Evaluating Cambodia's SEZ Laws

Phnom Penh (credits)

In December 2005, Cambodia issued Sub-Decree No. 147 and 148, which established special economic zones (SEZs), as well as the Cambodian SEZ Board (CSEZB) to regulate the SEZs. The SEZs include both general industrial zones and export processing zones and have free trade areas, service areas, residential areas, and tourist areas.

During the laws' formation, Locus Founder & CEO Jean-Paul Gauthier analyzed the legislation against international best practices for SEZs. His work was done while working for the World Bank - IFC Foreign Investment Advisory Service (FIAS).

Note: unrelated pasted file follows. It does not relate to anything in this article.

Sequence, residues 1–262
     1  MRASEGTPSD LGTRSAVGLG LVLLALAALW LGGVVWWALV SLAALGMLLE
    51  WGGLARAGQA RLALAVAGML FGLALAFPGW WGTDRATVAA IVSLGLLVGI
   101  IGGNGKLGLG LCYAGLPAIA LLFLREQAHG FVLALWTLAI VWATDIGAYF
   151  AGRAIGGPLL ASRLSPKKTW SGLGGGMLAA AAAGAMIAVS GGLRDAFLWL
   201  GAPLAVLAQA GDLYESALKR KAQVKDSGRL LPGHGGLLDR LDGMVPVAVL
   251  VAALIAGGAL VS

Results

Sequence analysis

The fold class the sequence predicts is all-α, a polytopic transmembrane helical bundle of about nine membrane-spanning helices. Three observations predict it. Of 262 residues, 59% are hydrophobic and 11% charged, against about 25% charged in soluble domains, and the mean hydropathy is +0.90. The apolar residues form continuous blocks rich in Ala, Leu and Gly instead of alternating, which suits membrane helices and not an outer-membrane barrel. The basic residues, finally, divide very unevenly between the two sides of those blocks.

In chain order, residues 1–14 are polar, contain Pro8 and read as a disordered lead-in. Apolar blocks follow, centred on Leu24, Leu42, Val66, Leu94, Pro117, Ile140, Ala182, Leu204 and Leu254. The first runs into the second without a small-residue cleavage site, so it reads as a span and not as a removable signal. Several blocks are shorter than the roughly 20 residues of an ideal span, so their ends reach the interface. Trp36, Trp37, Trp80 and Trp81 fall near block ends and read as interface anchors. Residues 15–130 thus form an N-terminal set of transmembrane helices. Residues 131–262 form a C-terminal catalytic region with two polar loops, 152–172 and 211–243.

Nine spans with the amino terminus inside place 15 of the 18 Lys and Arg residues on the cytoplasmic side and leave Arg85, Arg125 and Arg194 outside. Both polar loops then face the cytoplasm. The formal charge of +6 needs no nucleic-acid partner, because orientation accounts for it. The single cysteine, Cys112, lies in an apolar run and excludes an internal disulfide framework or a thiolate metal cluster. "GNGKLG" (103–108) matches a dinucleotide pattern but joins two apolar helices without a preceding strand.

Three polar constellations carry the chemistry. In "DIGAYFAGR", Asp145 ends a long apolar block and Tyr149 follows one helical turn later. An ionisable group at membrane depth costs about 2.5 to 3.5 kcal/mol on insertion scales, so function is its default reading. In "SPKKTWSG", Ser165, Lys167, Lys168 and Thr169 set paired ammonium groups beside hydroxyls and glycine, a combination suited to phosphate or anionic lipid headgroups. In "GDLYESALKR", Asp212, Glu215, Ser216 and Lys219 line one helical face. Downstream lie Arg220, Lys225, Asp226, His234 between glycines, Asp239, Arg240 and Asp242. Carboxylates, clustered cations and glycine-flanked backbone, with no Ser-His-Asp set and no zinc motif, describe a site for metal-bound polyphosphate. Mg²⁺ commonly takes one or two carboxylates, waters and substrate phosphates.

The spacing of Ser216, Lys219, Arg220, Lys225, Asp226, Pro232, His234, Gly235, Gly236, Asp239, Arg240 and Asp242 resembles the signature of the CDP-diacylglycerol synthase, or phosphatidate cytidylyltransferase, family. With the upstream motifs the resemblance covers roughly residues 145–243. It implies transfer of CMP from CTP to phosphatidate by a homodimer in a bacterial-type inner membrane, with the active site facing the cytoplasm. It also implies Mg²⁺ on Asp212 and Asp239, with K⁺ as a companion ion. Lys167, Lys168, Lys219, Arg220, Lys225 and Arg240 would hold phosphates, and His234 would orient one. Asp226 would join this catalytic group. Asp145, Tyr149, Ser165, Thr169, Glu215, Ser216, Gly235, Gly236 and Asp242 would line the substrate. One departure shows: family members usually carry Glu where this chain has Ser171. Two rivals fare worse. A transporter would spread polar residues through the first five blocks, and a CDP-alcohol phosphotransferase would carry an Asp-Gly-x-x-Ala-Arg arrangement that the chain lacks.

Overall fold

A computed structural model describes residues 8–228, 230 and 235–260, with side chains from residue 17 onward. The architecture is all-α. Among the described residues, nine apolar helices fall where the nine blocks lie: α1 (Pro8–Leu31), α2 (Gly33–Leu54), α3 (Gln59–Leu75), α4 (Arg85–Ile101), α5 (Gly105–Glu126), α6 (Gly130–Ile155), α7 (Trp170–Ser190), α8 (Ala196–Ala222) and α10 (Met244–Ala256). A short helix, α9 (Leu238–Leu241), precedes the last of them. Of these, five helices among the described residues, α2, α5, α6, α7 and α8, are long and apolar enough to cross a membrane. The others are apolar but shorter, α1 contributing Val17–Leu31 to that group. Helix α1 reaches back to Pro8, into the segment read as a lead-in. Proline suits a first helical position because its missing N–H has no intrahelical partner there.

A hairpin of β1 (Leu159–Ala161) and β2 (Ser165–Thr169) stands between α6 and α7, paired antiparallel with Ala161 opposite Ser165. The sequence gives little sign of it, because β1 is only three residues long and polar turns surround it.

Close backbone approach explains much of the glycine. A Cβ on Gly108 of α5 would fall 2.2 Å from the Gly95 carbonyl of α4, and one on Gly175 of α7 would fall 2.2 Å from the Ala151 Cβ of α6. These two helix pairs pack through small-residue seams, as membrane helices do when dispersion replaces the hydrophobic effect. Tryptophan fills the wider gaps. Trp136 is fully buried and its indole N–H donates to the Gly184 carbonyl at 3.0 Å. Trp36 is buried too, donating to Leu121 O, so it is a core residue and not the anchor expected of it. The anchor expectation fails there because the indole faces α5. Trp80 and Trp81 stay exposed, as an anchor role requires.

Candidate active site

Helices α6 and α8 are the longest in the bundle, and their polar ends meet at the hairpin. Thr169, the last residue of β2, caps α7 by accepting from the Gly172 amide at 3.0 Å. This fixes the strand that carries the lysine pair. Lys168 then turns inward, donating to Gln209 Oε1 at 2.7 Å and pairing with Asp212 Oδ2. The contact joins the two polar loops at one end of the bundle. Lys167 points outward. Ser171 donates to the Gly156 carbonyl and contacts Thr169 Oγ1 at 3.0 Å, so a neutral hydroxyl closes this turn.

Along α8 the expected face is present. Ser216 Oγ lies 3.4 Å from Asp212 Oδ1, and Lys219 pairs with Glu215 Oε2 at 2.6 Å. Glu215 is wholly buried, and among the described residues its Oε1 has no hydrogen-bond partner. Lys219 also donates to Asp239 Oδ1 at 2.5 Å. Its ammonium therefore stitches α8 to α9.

Following Mr. Gauthier’s 2005 review of Cambodia’s draft legal framework for SEZs, Cambodia adopted the 2005 Sub-decree No.148 on the Establishment and Management of Special Economic Zones. Cambodia’s first SEZ (Neang Kok Koh Kong SEZ) was established in 2005, another SEZ was established in 2006, and 2 more in 2008. Since 2008, at least 9 SEZs have begun operations in the country, with 20 more approved for development. Manhattan SEZ in Bavet is the largest zone, with total employment of 28,000, while 2 other SEZs in Bavet employ a further 8,000. Phnom Penh SEZ employs 17,000 workers. Sihanoukville SEZ (SSEZ), a partnership with China founded in 2008, hosts more than 160 factories, employing more than 20,000 workers and exporting $372 million worth of goods annually. SSEZ plans to open 140 more factories by 2020, creating up to 100,000 jobs. As of 2014, Neang Kok Koh Kong SEZ hosted 4 firms and nearly 4,000 employees. The zones in the Thai border areas of Koh Kong and Poi Pet employ just under 5,000. As of 2018, there were 347 projects with a total investment of $2.73 billion in the kingdom's SEZs, which have generated more than 104,000 jobs and resulted in $1.54 billion in annual exports (14% of the national totals).